Saturday, May 11, 2024

Work-made-for-hire and Copyright Termination


                I recently came across an article discussing a copyright lawsuit involving the original script to Road House. You can read the article here. But, in short, the original writer filed for a copyright termination of transfer to reclaim ownership of the script, and the studio counterclaimed stating that the work was done as a work-made-for-hire and is therefore ineligible for copyright termination of transfer. The wrinkle in this story is that the company employing the writer was the writer’s own company. This is a good reminder to be aware of who you are structuring your business deals and making sure you are not inadvertently losing your IP rights.

                It is common for many creators to start an LLC or company. In many cases, it can be financially advantageous to do so. However, if you are contracting with other companies through your own company, it is possible that the work you perform for your own company could be considered a work-made-for-hire for your own company.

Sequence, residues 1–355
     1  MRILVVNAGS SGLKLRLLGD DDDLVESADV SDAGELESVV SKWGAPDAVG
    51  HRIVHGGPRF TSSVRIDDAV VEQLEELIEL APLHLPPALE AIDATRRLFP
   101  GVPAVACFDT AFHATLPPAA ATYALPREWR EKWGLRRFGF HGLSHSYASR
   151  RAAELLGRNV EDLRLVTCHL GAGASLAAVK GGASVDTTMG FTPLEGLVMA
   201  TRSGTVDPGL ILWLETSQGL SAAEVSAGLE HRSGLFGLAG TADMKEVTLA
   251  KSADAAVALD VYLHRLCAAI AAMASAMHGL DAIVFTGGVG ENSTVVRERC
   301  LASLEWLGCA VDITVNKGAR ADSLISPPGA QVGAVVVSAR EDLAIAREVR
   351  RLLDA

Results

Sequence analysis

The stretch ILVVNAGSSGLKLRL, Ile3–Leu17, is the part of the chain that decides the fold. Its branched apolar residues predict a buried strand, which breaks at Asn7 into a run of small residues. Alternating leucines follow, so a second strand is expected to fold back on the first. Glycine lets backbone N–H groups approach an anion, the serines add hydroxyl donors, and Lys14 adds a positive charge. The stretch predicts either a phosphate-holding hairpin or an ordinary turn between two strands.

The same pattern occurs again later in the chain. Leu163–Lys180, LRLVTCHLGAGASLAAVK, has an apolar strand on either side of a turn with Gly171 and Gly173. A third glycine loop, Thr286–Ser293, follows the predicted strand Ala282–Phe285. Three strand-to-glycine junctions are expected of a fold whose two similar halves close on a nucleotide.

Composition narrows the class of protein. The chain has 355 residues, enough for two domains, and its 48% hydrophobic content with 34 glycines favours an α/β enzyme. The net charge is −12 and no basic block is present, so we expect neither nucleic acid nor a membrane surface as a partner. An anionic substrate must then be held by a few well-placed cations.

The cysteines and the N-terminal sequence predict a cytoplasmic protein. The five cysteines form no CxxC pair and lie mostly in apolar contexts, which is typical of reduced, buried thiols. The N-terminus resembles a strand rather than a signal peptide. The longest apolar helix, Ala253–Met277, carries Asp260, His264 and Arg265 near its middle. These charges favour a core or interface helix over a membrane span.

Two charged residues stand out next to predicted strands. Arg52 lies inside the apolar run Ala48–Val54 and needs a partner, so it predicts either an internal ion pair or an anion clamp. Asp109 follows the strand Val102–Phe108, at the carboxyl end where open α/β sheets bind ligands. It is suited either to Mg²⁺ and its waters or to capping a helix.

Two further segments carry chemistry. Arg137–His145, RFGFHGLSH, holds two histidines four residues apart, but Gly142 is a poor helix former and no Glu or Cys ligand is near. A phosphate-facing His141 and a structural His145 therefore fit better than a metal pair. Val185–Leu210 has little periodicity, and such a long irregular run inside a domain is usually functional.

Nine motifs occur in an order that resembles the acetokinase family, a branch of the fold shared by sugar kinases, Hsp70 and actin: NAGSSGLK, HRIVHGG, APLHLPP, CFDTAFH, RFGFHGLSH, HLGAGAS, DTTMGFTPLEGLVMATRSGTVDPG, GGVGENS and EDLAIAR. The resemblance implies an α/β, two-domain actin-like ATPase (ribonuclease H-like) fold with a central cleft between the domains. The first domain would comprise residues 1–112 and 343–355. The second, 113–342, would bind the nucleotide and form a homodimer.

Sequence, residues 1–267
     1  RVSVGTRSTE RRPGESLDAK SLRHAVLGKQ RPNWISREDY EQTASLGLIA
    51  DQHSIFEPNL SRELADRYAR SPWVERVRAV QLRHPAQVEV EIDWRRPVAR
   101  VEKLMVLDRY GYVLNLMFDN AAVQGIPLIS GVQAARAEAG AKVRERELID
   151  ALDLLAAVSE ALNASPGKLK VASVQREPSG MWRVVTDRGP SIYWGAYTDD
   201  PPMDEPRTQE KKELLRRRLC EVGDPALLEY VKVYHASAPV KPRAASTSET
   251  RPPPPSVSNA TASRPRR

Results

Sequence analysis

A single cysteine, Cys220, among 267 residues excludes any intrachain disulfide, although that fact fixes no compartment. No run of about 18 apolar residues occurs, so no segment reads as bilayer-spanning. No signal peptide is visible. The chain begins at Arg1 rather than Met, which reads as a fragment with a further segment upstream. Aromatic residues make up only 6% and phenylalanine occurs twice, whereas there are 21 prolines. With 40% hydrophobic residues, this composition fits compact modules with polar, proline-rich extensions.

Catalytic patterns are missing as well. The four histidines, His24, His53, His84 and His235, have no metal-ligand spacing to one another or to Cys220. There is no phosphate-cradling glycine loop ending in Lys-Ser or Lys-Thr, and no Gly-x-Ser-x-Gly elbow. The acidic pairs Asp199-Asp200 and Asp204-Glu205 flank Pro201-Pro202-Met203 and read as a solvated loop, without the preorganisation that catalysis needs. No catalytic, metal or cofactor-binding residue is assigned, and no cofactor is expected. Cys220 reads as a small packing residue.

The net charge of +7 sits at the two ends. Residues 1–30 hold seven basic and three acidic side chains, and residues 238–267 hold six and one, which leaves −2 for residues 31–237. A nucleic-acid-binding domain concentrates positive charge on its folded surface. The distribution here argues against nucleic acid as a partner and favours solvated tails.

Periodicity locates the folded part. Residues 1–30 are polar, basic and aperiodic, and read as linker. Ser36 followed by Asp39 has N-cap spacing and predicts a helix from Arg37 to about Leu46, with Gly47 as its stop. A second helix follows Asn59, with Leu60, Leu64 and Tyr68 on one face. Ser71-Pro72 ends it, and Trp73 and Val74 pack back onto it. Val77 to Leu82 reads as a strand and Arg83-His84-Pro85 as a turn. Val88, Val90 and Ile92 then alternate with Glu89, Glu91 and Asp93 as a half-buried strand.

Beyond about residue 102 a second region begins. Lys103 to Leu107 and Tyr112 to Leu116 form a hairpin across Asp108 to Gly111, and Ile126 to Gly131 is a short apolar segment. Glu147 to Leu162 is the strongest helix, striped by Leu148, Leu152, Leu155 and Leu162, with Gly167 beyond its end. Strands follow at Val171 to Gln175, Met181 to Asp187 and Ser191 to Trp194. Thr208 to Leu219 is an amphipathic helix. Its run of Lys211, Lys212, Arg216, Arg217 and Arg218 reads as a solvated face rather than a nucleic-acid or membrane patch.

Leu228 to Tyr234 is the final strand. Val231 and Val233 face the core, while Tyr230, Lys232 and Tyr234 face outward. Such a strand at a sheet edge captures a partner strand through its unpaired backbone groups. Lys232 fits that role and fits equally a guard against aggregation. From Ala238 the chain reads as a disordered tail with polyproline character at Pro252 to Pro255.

I covered the basics of copyright termination previously, but to recap, after 35 years, an author can file to reclaim ownership of a copyright that they previously transferred. However, this right does not apply to works-made-for-hire.

                If you work through a company, you should carefully consider how the company is structured and set up and the contractual arrangements you enter via it. If you are concerned about copyright ownership issues and want to preserve your ability to terminate a copyright transfer, you should consult with an attorney to evaluate your options.

No comments:

Post a Comment